Medical tourists in the Asia-Pacific region seeking surgical interventions for noncommunicable diseases are also creating demand, according to the firm.
IGS and RAS have found higher acceptance in recent years due to their application in surgeries for multi-anatomical diseases. Although initially targeted at neuro applications, IGS systems now are used in orthopedics; cardiovascular; ear, nose, and throat; dental; and spinal surgeries. RAS applications have been extended from prostate surgeries to cardiac, orthopedic, and spinal surgeries, among others.
IGS has experienced substantial use across most Asia-Pacific countries in the past five years, while RAS is expected to remain the reserve of top-tier hospitals, mostly in Japan, Taiwan, and South Korea, Frost & Sullivan analysts noted. Australia’s RAS adoption rates have been moderate, while Southeast Asia is still in the initial stages of adoption.
A lingering issue is the cost of the systems, and there also are reimbursement concerns. IGS systems cost $250,000, while RAS units range from $1 million to $3 million. Developing countries such as Malaysia, Thailand, Vietnam, and the Philippines do not offer reimbursement for IGS and RAS products, while reimbursement amounts are often negligible in Australia, Taiwan, Japan, and South Korea, the study indicated.
Image-guided and robot-assisted surgeries also have made successful inroads in Western Europe. The significant cost and clinical benefits offered by such advanced surgical systems has been key to boosting their adoption rates, Frost analysts reported.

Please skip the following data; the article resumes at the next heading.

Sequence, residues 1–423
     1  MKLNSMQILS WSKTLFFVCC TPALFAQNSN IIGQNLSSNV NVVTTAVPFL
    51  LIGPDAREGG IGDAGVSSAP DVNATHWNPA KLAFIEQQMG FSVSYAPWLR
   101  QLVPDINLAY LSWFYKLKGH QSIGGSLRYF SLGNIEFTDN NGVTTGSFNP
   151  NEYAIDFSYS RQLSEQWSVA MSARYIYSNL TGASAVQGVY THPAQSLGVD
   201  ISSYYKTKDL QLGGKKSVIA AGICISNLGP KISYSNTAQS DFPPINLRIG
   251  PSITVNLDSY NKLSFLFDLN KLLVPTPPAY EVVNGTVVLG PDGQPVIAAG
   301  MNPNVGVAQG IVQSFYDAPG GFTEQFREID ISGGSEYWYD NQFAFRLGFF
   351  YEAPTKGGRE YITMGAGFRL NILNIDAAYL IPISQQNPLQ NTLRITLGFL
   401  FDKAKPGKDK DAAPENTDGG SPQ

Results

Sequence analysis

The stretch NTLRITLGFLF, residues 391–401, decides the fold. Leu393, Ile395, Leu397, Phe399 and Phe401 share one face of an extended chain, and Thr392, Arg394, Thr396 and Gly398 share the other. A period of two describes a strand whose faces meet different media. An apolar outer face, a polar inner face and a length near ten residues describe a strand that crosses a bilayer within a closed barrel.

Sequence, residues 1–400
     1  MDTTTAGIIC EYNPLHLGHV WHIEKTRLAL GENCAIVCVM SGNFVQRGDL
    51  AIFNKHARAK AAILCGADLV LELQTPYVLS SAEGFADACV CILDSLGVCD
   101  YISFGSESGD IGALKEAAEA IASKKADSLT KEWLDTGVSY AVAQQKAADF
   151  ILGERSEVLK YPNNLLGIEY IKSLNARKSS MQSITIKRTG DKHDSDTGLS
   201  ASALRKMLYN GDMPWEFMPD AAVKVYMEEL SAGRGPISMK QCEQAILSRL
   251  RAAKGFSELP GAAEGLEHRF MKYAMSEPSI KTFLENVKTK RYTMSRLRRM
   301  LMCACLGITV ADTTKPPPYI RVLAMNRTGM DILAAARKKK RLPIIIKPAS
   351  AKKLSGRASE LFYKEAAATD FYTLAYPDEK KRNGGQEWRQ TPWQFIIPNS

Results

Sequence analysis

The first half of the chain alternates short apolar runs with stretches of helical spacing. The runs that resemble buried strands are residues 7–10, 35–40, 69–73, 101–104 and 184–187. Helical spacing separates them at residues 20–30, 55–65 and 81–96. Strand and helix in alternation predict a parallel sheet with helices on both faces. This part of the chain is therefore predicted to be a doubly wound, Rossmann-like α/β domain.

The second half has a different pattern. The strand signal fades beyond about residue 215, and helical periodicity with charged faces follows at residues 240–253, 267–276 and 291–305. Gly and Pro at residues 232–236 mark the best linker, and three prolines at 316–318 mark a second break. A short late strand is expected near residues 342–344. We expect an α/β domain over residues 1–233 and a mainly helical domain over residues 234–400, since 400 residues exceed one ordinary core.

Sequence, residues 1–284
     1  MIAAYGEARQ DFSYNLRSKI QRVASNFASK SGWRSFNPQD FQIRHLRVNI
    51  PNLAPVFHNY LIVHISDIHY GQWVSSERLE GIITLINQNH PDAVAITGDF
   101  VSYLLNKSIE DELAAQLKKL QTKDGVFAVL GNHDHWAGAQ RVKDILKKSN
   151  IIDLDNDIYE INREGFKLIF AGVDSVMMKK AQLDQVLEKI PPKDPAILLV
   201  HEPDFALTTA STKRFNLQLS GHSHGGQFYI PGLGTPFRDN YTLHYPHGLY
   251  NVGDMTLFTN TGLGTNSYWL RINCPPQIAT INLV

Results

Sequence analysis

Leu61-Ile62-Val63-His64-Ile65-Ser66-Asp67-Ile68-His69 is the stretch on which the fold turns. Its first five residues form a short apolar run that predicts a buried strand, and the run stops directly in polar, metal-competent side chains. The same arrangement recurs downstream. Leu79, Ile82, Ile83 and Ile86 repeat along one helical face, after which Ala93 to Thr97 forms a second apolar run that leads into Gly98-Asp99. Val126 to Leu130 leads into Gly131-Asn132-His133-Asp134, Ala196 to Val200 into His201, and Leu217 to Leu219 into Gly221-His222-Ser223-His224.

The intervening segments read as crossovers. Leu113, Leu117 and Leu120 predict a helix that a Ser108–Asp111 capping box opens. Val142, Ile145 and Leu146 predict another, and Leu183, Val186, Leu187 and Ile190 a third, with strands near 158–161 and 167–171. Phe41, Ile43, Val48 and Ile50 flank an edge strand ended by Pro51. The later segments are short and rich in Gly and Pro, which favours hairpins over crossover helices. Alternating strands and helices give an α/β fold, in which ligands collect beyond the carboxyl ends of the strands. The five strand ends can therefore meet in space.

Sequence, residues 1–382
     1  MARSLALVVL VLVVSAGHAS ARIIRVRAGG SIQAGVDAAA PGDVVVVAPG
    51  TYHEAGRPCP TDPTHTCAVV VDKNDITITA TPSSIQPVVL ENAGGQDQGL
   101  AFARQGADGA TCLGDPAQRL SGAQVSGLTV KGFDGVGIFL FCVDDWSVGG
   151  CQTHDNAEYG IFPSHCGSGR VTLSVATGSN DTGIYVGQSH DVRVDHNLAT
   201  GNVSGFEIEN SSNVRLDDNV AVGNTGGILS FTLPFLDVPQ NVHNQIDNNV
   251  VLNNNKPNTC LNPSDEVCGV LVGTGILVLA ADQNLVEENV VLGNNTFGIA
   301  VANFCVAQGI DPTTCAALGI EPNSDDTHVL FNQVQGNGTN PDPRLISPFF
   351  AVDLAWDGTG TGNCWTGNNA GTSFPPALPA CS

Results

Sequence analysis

Frost & Sullivan estimates the market to reach $1.69 billion in 2018.
“While image-guided surgery is well-established, robot-assisted surgery has been slow to gain acceptance in Western Europe owing to large initial investments and lower reimbursement values,” Frost & Sullivan Healthcare Industry Analyst Beulah Devadason noted. “Nevertheless, the relative reduction in the length of hospital stay, and better surgical outcomes as demonstrated by several clinical studies, continue to motivate hospital authorities to adopt both systems.”
Marketing efforts have focused on improving awareness about the advantages of image-guided and robot-assisted surgical systems. This is translating into higher revenues and overall market growth. However, spending cuts across the European Union remain cause for concern. Budget-conscious hospitals have higher expectations when spending on expensive equipment and manufacturer-specific consumables.
“Market participants must demonstrate cost-effectiveness and improved clinical outcomes of their product offerings in order to fuel greater uptake,” Devadason said.
(Editor’s note: See this month’s feature on robotic surgery.)